It's Super Bowl week. The week lesser players rise from obscurity to become eternal legends. Sure, there will always be the Montanas, the Bradys, the Mannings, but what about David Tyree or Larry Brown? Yeah, those are the guys who make it interesting.
Let's segue to the 2012 St. Louis Cardinals. Yeah, Albert Pujols is gone, so it's time to tap into some of that Super Bowl magic dust or whatever it is they pass around before the big game. I'm sprinkling it on Adam Wainwright and seven other Cardinals who are going to fill in the Pujols void.
I can't expect the bearded one to top his wonderful 2011 season, a year where he batted .301, hit 31 home runs and drove in 94. I feel bad putting the man in a "pick up slack" article after he became a Cardinal legend in Game 6.
He's here because his acquisition now seems fortuitous. The guy can play first base, and he might be one of the best in the National League. His "pick up slack" work is already done for 2012 because he freed up space for Carlos Beltran. Good game. Hit the showers, Berk.
Let's face it, we may not see another .300 season with 22 home runs and 84 RBIs from the aging Beltran. He may not glide around in center field like he used to. He certainly won't swipe near 40 bases like he once did. Still, he's a nice fit in the outfield with Berkman's move to first base. He shores up the middle of the order filling Pujols' exodus.
This guy is great in so many ways. Obviously he's one of the best defensive catchers in baseball. Without Pujols' offensive power this will be vital. The Cardinals must give up fewer runs than in 2012.
But Molina seems to always improve at the plate. Last year he hit a career high .305 and also hit .333 in the World Series. He's clutch and very hard to strike out. This will be a year where the Cardinals need defense and tough at-bats. Molina is the right guy for 2012.
Probably no Cardinal player is under more pressure in 2012 than beleaguered Matt Holliday. I'm not sure what it is about him, but he just doesn't generate much sympathy or support. Maybe it's injuries or just a knack for being one step behind too often.
Still, he batted .296 last year, hit 22 home runs and drove in 75. When he's locked in he's one of the best hitters in baseball. There's room for improvement in 2012, and with Pujols out, the stage is set for Holliday to be The Guy in the Cardinals lineup.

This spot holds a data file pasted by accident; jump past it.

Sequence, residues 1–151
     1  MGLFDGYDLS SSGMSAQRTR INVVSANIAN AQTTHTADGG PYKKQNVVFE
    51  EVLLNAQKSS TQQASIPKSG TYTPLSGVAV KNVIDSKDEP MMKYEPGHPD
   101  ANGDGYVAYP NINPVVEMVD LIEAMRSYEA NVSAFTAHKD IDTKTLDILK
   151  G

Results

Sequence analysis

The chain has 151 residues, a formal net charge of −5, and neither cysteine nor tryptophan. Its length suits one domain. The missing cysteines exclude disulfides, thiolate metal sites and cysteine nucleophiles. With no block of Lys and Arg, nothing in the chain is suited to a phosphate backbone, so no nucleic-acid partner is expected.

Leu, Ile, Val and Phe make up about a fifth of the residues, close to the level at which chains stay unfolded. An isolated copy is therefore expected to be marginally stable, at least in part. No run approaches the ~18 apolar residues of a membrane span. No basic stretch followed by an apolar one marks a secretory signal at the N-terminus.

How can Jason Motte improve on becoming the Cardinals closer late in the year and eventually closing out the team's world championship? He can be the full-time closer in 2012 and rack up 40 saves. That's picking up the slack in a big way, and gives the pitching staff one less thing to worry about.
The sky is the limit here. Obviously everyone remembers Freese's monstrous 2011 season. His regular season was 97 games and he batted .297 with 10 home runs and 55 RBI. Perhaps he found his power stroke late, and a full season in 2012 with average improvement could bring an average over .320 with 20 home runs and 100 RBI.
Between Freese's continuous improvement and the addition of Beltran, the Cardinals might just be able to make up most of the slack for Pujols.
Garcia had a nice year in 2011, going 13-7 with a 3.56 ERA. In 2010 he was 13-8, and 2.70. That's pretty consistent. In a year where Cardinal pitching will be extremely important it would be nice to see Garcia break 15 wins along with his traditionally low ERA.
His successful rehab from Tommy John surgery almost complete, Wainwright immediately becomes the most valuable addition to the Cardinals roster in 2012. It has been stressed before how important pitching and conserving runs will be in 2012. Before Wainwright lost 2011 to injury he was one of the best pitchers in the National League.
In 2009 he went 19-8 with a 2.63 and in 2010 he was 20-11 and 2.43. Will he return to that elite form right away? Probably not, but most pitchers who have had Tommy John surgery have very successful returns, even beyond previous form. If Wainwright can add 15 wins and an ERA below 3.50 Cardinal fans will be very happy.